An American in Cambodia


It’s Wednesday morning here in Sihanoukville. I started my day at 5:30 am with my 5K run around the beach. The weather was just perfect — not too hot yet. I had a good run, much better than the ones I’ve had previously in Phnom Penh. I attribute that to the fact that Sihanoukville is a tourist town — even the dogs are nice to tourists. Though I saw many dogs, they looked health and none of them tried to attack me. Phnom Penh has a lot to learn from Sihanoukville… :).

This was my first real run in a while and I could surmise what message I was sending bystanders when a mototaxi driver did the official greeting on the streets of Cambodia, “Taxi?Taxi?” I must have looked like I needed one or again, it may have been his brainsimply reacting to a foreign looking person…

At this exact moment, I am sitting at the restaurant outside the hotel, enjoying the great breakfast — they have eggs any style, cheese, salami, ham, all sorts of breads, strong coffee with real milk, tea, and, of course, the omnipresent rice with vegetables, which I have gobbled up already. All included in the price of the room — $22 per night. No bad, eh?

While having breakfast I met a couple who is traveling through Cambodia, Thailand, Laos and Vietnam. They used to be missionaries in Kenya, where they met, then his health began to go south and they had to return home, which is Canada for him and U.S. for her.

I met the lady first at the buffet line as I was trying to decide whether to get cheese or not. She told me that she was born in the U.S. but she had lived in Canada most of her life. So I asked her, “So do you consider yourself more Canadian or more American?” She said, “I have dual citizenship.” I said, “Okay, but how do you really feel?” She said, “Well, I guess I will always be an American. I will always cry when I hear a marching band playing on July 4th.”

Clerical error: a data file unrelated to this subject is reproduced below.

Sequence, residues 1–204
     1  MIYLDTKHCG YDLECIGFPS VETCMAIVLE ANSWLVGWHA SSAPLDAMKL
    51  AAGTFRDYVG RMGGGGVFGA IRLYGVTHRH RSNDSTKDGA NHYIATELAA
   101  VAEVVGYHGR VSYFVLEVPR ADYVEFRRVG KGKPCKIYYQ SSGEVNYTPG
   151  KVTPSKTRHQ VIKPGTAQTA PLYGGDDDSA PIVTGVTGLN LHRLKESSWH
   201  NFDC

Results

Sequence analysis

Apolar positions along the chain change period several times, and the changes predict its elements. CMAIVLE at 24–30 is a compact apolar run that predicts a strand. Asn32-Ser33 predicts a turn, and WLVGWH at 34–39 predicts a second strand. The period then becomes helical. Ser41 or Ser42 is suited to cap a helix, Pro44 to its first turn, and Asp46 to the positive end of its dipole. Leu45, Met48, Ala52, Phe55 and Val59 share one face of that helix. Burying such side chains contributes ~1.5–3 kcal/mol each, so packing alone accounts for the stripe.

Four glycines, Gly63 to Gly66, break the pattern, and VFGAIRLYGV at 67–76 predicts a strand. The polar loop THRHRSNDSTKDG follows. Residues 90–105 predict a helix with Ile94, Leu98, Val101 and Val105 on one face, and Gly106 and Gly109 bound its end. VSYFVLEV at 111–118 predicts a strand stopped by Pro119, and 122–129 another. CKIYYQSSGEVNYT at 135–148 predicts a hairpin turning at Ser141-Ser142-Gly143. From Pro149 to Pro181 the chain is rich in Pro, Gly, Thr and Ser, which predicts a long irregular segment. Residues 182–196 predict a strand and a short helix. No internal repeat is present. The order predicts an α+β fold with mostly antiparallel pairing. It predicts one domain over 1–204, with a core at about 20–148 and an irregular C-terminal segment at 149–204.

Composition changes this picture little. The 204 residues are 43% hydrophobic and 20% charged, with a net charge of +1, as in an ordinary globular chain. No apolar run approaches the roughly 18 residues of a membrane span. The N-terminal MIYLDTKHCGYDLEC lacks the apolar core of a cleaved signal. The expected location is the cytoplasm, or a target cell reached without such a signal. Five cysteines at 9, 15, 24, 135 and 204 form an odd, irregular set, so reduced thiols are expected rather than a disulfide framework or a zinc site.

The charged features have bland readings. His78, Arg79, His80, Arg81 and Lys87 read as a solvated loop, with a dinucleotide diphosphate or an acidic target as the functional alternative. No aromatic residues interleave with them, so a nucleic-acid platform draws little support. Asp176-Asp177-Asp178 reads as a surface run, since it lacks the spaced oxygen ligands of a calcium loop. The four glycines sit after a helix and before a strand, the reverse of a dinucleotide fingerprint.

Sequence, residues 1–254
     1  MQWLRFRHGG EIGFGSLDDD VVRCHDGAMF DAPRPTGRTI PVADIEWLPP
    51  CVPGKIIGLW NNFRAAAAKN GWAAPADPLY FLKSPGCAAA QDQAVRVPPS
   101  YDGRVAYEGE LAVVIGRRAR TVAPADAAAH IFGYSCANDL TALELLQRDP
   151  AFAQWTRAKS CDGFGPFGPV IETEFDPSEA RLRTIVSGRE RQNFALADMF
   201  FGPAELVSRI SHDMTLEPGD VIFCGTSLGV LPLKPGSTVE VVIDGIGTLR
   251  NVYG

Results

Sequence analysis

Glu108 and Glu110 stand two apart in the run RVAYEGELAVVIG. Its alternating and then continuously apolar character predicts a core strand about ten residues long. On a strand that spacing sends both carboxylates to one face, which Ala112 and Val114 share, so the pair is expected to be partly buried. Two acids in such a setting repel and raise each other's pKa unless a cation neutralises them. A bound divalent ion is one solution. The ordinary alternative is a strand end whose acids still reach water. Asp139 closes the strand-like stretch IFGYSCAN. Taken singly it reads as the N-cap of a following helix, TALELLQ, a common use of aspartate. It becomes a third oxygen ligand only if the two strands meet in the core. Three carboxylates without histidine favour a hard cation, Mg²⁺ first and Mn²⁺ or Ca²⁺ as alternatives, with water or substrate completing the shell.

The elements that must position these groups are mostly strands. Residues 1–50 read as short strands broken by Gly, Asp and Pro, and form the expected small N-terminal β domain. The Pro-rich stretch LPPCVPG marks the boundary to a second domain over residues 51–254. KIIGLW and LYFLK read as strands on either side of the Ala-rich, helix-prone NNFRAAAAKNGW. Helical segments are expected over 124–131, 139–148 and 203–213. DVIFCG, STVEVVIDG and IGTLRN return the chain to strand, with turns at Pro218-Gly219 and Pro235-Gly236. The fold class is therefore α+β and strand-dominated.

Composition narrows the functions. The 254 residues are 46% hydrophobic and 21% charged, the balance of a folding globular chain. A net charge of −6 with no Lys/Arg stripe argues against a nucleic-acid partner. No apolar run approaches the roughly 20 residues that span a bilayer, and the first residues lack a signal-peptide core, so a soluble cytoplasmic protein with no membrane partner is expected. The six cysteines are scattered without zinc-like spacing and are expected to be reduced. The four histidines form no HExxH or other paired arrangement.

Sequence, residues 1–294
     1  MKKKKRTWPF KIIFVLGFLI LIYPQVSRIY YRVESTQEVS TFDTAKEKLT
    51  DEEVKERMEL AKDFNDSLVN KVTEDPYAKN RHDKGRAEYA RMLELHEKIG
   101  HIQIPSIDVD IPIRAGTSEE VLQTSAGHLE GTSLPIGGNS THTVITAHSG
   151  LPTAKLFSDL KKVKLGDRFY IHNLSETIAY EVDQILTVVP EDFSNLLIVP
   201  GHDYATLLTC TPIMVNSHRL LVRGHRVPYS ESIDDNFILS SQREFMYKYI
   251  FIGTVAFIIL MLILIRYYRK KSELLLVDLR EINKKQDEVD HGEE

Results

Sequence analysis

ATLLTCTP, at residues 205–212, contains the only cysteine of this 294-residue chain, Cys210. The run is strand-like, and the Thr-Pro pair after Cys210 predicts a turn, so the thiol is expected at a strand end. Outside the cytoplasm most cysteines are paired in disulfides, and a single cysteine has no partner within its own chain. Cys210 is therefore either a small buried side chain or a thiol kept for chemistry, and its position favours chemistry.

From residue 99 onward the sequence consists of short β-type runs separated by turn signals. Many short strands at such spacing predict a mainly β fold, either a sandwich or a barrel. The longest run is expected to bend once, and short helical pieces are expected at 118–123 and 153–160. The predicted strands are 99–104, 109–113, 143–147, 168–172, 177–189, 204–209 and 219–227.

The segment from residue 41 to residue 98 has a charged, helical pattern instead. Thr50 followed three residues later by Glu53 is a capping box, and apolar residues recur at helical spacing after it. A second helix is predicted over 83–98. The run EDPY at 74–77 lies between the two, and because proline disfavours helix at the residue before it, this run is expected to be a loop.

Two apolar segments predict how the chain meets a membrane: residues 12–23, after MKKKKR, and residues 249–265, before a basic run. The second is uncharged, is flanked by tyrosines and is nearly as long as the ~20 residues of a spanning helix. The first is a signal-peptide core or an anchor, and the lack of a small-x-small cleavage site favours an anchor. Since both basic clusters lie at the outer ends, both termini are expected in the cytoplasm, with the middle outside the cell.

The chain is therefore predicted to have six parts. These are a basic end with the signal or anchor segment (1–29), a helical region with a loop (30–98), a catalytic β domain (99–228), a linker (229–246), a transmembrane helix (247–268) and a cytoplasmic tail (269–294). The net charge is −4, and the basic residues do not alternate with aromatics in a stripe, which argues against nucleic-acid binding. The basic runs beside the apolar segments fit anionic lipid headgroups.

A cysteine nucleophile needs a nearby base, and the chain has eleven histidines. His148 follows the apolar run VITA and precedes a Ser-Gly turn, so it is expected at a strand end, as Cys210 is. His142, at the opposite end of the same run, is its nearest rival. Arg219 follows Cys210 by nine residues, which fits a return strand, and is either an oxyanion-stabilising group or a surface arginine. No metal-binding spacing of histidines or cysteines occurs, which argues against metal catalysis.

I thought to myself, “What a wonderful way to capture the essence of being an American.” Then I was laughing inside. I too remembered the times I had cried on July 4th… So what am I? An American? Yes, an American in Cambodia!

Back to the couple. After they returned to Canada, he went on to get a doctorate in Psychology and now helps bring healing to people who have experienced trauma because of wars, etc. I briefly told him about our ministry rescuing at-risk children in northern Thailand. I have read that the trauma experience by children who suffered sexual abuse is similar to the one experienced by children who have suffered the brutalities of wars in places like Sudan. Perhaps I will see this man again in Thailand.

By the way, I was pleasantly surprised to find big billboards here in Sihanoukville advertising a number anyone can call if you see a child who is at risk or appears to be at risk of abuse. It is anonymous line and it shows some effort on the part of this government to address this evil. Or perhaps it shows that the pressure from organizations such as International Justice Mission is making a difference.

Well, the beach awaits.

Ivanildo C. Trindade